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Many people in the semi-arid tropics strongly depend on non-timber forest products (NTFPs) for livelihood. Increasing threats on NTFP-providing tree species, due to land-use intensification and over-harvesting, require ecological studies as well as additional information provided by local people. One important NTFP-providing tree in West Africa is Anogeissus leiocarpa. Even though this species is highly used, ethnobotanical studies on A. leiocarpa are scarce and address mainly qualitative aspects. Our study investigates uses, perceptions of the population development, and management strategies of A. leiocarpa among the Gulimanceba people in eastern Burkina Faso. We conducted a quantitative ethnobotanical survey and investigated distribution of traditional ecological knowledge related to the species on a local scale, i.e. difference in knowledge between villages, genders, and generations. Interviews reveal that A. leiocarpa is harvested by local people for 18 different uses and emphasize its high importance for local people. Ethnobotanical knowledge of A. leiocarpa was mostly evenly spread between genders and generations, while it slightly differed between villages. Although local people did not actively protect A. leiocarpa, current local harvesting modes and management resulted in sustainable use. However, ongoing land-use intensifications require adapted management strategies to guarantee the persistence of this important species. Our results provide, in combination with ecological results of our previous study, appropriate management recommendations. Our study emphasizes the importance of ethnobotanical studies on a local scale level in order to develop management strategies that are reliable in the specific area under the specific circumstances.
Article
Theoretical models of allometric scaling provide an important framework for understanding and predicting how and why the morphology and function of organisms vary with scale. However, the predictions of ‘universal’ scaling models for vascular plants do not consider different environments and disturbance types which can reduce the predictive power of these models. One important source of disturbance in tropical regions is the harvesting of non-timber forest products, such as leaves, flowers, resins and barks. In this context, we examine the influence of bark harvesting and different light environments on scaling of the height and diameter of Himatanthus drasticus (Apocynaceae), an economically important tree species harvested by several local communities living in the Brazilian savanna. By considering this species as a model system and using Bayesian regression, we show that bark harvesting modifies tree allometry and that the empirical scaling exponents diverge from the theoretical predictions. In addition, the results of a mechanistic model of tree growth revealed that bark harvesting affects tree height and that this effect varies independently of the light environment. On the other hand, trees with higher bark harvesting levels presented lower height growth rates when compared to trees without bark harvesting or those with<50% of bark harvesting. Our results highlight the importance of including bark harvesting as a source of disturbance that can cause differences between the observed scaling relationships and those predicted by theoretical models. Finally, from the management perspective, we observed that high levels of bark harvesting could compromise the plant height growth of the debarked trees. Therefore, our recommendation for the management of this species is that the previously defined limits of 50% of bark harvesting should be maintained to avoid the negative effects of harvesting on the tree height over time.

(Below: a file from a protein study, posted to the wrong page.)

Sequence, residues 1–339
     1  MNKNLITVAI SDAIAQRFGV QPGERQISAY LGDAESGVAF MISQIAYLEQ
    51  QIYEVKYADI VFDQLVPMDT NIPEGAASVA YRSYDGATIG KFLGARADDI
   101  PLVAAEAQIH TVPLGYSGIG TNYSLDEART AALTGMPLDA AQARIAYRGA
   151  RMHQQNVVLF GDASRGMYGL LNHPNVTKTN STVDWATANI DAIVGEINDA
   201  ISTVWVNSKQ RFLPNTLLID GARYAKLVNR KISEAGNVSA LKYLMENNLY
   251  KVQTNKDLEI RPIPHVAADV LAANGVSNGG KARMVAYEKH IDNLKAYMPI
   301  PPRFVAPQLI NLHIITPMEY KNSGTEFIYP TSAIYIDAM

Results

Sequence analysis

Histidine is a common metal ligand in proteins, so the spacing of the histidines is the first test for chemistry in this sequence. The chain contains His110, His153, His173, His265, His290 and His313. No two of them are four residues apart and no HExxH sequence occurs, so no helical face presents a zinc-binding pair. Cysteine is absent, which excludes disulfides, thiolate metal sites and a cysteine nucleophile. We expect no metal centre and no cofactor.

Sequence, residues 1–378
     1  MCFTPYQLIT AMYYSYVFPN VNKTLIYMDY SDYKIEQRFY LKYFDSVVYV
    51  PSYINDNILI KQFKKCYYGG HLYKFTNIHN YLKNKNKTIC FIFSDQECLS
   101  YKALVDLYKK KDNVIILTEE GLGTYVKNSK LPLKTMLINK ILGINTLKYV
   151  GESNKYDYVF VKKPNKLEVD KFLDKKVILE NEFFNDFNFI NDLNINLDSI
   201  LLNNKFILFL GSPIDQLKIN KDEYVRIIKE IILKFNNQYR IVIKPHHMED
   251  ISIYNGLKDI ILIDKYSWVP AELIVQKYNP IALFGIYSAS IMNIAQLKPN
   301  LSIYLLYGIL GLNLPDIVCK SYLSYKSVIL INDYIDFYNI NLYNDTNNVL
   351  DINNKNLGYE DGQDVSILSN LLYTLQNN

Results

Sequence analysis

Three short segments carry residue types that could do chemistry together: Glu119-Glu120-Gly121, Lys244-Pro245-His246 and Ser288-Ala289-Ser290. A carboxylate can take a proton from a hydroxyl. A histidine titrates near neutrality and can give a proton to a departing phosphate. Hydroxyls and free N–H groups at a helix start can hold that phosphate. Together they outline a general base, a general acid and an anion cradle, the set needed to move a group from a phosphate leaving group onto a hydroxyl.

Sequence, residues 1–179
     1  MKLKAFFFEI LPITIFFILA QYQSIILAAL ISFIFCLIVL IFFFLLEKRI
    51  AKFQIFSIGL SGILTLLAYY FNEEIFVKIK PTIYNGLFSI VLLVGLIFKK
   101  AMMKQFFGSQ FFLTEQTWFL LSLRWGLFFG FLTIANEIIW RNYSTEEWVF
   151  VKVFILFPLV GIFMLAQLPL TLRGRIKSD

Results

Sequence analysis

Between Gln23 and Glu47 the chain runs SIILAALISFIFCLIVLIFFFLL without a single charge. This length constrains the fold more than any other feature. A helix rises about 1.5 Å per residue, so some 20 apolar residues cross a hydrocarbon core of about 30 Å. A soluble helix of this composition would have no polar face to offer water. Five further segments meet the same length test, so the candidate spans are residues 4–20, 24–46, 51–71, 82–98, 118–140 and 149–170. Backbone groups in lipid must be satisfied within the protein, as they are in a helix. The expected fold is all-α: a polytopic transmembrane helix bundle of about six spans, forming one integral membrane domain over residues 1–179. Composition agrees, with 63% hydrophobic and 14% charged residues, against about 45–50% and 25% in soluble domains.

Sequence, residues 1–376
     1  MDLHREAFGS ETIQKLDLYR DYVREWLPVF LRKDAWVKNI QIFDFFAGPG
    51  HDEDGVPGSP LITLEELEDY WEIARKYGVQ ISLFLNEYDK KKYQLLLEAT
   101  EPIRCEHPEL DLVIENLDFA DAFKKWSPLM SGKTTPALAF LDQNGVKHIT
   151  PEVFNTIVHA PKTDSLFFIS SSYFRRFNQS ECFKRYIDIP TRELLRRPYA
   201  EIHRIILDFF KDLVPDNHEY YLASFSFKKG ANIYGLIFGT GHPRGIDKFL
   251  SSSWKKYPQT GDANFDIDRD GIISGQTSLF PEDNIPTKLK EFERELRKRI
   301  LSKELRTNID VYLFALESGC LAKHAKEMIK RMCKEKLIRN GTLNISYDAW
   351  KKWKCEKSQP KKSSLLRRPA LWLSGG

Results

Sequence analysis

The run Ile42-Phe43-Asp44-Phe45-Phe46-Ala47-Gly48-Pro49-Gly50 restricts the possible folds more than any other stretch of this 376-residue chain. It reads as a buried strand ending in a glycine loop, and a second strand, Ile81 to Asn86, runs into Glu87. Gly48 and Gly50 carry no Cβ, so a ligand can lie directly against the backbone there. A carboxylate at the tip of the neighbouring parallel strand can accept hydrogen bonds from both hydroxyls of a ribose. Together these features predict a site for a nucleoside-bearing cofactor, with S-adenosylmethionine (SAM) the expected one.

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Bark products constitute nearly one third of plant material used in South African traditional medicine. Since the large majority of South Africans make use of traditional health care, bark is fundamental to the traditional pharmacopoeia. In this review we consider the status of bark resources, as reflected by the literature, and highlight the need for multi-disciplinary research to address the lack of available information on plant species used for their bark. The supply of bark to the medicinal plant trade has been rendered non-sustainable, due to increased user populations and reduced indigenous vegetation. Whilst conservation of the South African flora is paramount, natural resources cannot meet the current, nor foreseeable, demand for bark. Alternatives such as tree propagation and cultivation, strategic management and plant part substitution are discussed. Effective implementation of these action plans is reliant on the dissemination of existing and new knowledge. The prevailing scenario of a non-sustainable bark supply has impacted negatively on the quality of bark products available to the consumer, as problems of incorrect identification and purposeful adulteration arise. To facilitate monitoring and standardisation, phytochemical references should be established for bark authentication, and used in conjunction with morphological and anatomical characters for identification in the case of unknown specimens. The importance of bark in South African traditional health care warrants attention from all research sectors to conserve the country’s rich floral heritage, and the integrity of traditional health care.